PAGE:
What I love about Jayd’s art is that it demystifies blindness by showing characters with strength, confidence, and their white canes. Ordinary people who cannot see yet are living their lives independently. Each of the images shows people who are well-groomed, poised, and fierce.

Following is what Jayd has to say about blindness:

“Visual impairments and blindness don’t just present difficulties, they present unique perspectives that deserve to be shared. I hope through my art I can help VI people become more confident in themselves and their abilities, and show our able-bodied society that we have so much to give.” ~Jayd Alex

Image #1 Description:

Black & white partial sketch of a woman holding an identification (ID) cane in both hands. A braid can be seen laying on her right shoulder and she is professionally dressed in a jacket with rolled up sleeves and white cami.

Image #2 by Jayd Alex. Description is in the body of the post.
Image #2

Image #2 Description:

Fashionably dressed brown-skinned woman with wavy burgundy colored hair. She has a blue floppy hat on her head with blue oversized shades, white cold shoulder top with lace details around the shoulders and blue jeans. She is holding her white mobility cane in her right hand and she could easily be a runway model.

Image #3 #SymbolCane by Jayd Alex. Description is in the body of the post.
Image #3 | #SymbolCane

Image #3 Description:

This image is part of a new iPad painting. The image is a stylish white complexioned young woman with pink hair in a ponytail and loose wisps of hair on both sides of her face. She is wearing a purple three-quarter sleeve length top and matching choker with a full black skirt belted at the waist. In both hands, she is holding a shorter identification cane used to indicate she has low vision.

Jayd Alex Featured Image Description:

Featured image is a mock magazine cover titled Blind Beauty. Jayd is looking quite lovely on the cover with her fair porcelain complexion wearing brown-framed eyeglasses. She has light blonde shoulder length hair, blue/grey eyes and is wearing a burgundy crew neck sweater.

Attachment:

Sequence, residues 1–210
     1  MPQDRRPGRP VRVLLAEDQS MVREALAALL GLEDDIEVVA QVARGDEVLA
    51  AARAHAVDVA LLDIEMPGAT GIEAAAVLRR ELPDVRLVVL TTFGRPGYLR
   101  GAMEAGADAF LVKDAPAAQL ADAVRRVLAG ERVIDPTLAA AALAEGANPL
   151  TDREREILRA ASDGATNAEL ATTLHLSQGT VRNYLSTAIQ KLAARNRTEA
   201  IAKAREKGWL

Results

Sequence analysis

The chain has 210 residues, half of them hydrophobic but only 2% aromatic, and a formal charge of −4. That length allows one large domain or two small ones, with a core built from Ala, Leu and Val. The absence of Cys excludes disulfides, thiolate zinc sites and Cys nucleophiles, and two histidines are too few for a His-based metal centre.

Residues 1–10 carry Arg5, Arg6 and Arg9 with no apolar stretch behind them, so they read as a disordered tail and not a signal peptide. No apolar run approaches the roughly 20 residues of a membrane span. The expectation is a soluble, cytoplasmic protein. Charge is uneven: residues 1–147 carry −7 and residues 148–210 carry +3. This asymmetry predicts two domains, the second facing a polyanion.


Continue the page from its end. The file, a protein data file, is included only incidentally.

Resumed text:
Blocks of text superimposed on Jayd’s photo are: “Bold | She Keeps Pressing Onward,” “Blind | She Has Deeper Insight,” “Beautiful | She Sees To The Heart Of Others”

To learn more about Jayd you can connect with her on social media:

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WOTM 10 Featuring Suzanne Gibson

River’s Edge

Photo of Suzanne Gibson
Suzanne Gibson

Friday’s have always been my favorite day. When I was in the corporate world it was a welcome prelude to the respite of the weekend to come. Today, I become re-energized by featuring strong, independent, influential women who happen to share a common thread of blindness or low vision.

In preparing to write these pieces I always ask the person I’m writing about for permission and request that they send me a couple of paragraphs to work from. For those with websites and social media users I can glean interesting, informative, and inspirational data that makes for a good narrative.

My advice to every young person who crosses my path, everyone actually, is to keep pursuing what it is that you love. If you are creative, create. Do not be too busy; do not tell me about your limited budget. Find a way to do something. I did not always follow this advice. I became distracted many times with life.

Suzanne Gibson, a very talented local artist who owns River’s Edge studio in New Brighton, PA, is no exception to the unbelievable fortitude of people I hold in the highest regard. Prior to contacting her, I saw some articles written about her in a few of our local newspapers.

Suzanne Gibson Painting His Majesty (a very colorful majestic bird)
Suzanne Gibson
“His Majesty”

I knew Suzanne experienced vision loss and yet she was still passionate about her art. What I didn’t know were the other extraordinary circumstances she went through that were unrelated to her loss of vision.

The tumor was growing again, and I would need radiation. The daily radiation treatments lasted 6 weeks, but recovering took much longer. To add to this challenge, the week after I finished radiation, I received the news that my visual acuity was 20/200 and that I could no longer drive.